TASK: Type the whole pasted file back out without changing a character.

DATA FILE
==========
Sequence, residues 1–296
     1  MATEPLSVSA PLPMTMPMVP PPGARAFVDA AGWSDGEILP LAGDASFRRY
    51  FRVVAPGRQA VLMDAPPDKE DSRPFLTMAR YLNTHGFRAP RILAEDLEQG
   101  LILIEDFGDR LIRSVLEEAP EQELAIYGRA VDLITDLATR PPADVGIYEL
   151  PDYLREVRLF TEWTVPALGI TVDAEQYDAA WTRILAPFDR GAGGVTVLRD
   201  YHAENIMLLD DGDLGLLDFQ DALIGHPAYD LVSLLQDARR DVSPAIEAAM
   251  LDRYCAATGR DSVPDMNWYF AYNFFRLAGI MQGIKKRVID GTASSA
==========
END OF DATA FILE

Sequence, residues 1–296
     1  MATEPLSVSA PLPMTMPMVP PPGARAFVDA AGWSDGEILP LAGDASFRRY
    51  FRVVAPGRQA VLMDAPPDKE DSRPFLTMAR YLNTHGFRAP RILAEDLEQG
   101  LILIEDFGDR LIRSVLEEAP EQELAIYGRA VDLITDLATR PPADVGIYEL
   151  PDYLREVRLF TEWTVPALGI TVDAEQYDAA WTRILAPFDR GAGGVTVLRD
   201  YHAENIMLLD DGDLGLLDFQ DALIGHPAYD LVSLLQDARR DVSPAIEAAM
   251  LDRYCAATGR DSVPDMNWYF AYNFFRLAGI MQGIKKRVID GTASSA